Undefeated UFC Light-Heavyweight Champion Lyoto “The Dragon” Machida will soon have to prove that the 205lbs. crown truly belongs to him. Machida is a week away from participating in one of the most anticipated rematches in MMA history.
At UFC 104 Machida fought challenger Mauricio “Shogun” Rua for a hard five rounds that many thought the majority of went to Rua. Instead of announcing a new Light-Heavyweight Champion, Octagon announcer Bruce Buffer informed the world that the judges saw Machida as being the clear cut winner.
Looking to bury the controversy surrounding that victory and all questions pertaining to the validity of his title, Lyoto Machida spoke with media through translator Ed Soares last week about the impending rematch and his feelings on the first fight. Rua gave Machida the fight of his life and Machida will not hesitate to admit that fact. He believes that having gone five rounds with each other previously will only make this next fight better and more entertaining.
“We’re both a lot more familiar with each other than we were the first time we met,” Machida said. “So I think it just makes all that much greater for a better fight this time around.”
Some who argue that Machida did, in fact, defeat Rua use the outdated logic that “a challenger has to definitively beat a champion to take his belt.” Machida does not buy into that and believes that each fight should be judged objectively.
“The way I feel is I think it has to be fair,” Machida said. “I don’t believe that the challenger has to come in and really take the belt from the champion. I think it needs to be judged the way it is, round for round.”
The bout against Rua marked the first time that “The Dragon” had fought for a full five rounds. Having passed that trial by fire only gives Machida more confidence heading into this next five-round championship fight.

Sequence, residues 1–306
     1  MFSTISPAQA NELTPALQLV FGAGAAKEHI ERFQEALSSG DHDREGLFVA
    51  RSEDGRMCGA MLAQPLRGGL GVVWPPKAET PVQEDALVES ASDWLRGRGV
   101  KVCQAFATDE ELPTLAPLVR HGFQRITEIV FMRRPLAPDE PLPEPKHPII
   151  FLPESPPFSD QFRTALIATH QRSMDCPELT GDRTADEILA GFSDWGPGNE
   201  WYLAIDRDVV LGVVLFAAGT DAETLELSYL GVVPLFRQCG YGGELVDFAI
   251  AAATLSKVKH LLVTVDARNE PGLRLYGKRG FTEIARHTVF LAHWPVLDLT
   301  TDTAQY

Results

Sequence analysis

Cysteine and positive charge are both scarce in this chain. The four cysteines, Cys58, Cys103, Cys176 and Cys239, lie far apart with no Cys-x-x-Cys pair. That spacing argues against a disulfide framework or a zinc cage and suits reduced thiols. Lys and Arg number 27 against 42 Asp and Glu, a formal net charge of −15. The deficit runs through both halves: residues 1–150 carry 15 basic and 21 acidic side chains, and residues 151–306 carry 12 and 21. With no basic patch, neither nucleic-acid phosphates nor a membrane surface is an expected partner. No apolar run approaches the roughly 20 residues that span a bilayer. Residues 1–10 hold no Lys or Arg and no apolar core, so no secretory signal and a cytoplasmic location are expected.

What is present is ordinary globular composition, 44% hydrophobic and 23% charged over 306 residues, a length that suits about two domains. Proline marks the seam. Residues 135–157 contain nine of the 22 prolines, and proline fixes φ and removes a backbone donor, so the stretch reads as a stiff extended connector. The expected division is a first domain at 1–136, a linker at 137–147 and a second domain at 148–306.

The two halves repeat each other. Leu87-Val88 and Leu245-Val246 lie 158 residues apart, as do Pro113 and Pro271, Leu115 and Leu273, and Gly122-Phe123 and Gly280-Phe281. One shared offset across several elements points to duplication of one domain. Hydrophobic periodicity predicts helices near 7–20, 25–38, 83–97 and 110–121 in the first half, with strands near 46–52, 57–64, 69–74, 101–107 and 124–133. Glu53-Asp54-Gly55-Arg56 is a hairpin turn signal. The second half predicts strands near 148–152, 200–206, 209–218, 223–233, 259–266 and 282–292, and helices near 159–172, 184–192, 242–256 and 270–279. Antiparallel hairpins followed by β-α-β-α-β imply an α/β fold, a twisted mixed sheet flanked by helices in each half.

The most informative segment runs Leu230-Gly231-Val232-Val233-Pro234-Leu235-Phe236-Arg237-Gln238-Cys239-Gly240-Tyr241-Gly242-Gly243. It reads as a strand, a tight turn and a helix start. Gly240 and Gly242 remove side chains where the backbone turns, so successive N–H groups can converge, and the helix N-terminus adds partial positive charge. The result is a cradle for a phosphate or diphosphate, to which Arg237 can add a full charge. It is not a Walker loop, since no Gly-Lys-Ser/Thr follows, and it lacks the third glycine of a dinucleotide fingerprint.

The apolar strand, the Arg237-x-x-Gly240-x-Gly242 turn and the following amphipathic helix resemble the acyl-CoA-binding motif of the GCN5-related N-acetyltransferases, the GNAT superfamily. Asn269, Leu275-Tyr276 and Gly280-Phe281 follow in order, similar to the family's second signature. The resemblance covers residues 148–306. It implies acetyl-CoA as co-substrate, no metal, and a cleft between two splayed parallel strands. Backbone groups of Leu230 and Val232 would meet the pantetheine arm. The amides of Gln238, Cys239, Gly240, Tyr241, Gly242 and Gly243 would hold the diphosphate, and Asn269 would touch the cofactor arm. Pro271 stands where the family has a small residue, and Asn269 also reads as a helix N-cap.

“I believe that, you know, one of the main things about a championship bout is that you do go five rounds,” he said. “And we’ve trained that a lot. It does make me feel – I’m always confident, but it does make me feel confident that I went in there and fought for five rounds.”
Machida also shared his thoughts on his teammate Anderson Silva’s controversial victory over Demian Maia last month.
“I believe the main priority for a fighter is to go in there and win the fight and fight well. And I think that if you go in there and fight well and win the fight, I think it’s going to be entertaining. So I think the main priority of a fighter is to go in there and fight to win.”
Machida answered a later question about Anderson’s showboating style and whether or not he would ever adopt those kind of antics.
“I find it to be very difficult for me to act like that inside the ring,” said Machida. “I mean, everybody’s different. I think Anderson has a little bit more of that style; he feels a little bit more at ease inside the ring, he likes to play around. It’s just more of his style. Everyone has their own style. I have a different style when I’m fighting so I don’t think I’ll ever have those types of situations happen to me.”
Machida defends against Shogun at UFC 113: Machida vs. Shogun 2 on May 8, 2010 from the Bell Centre in Montreal, Quebec, Canada.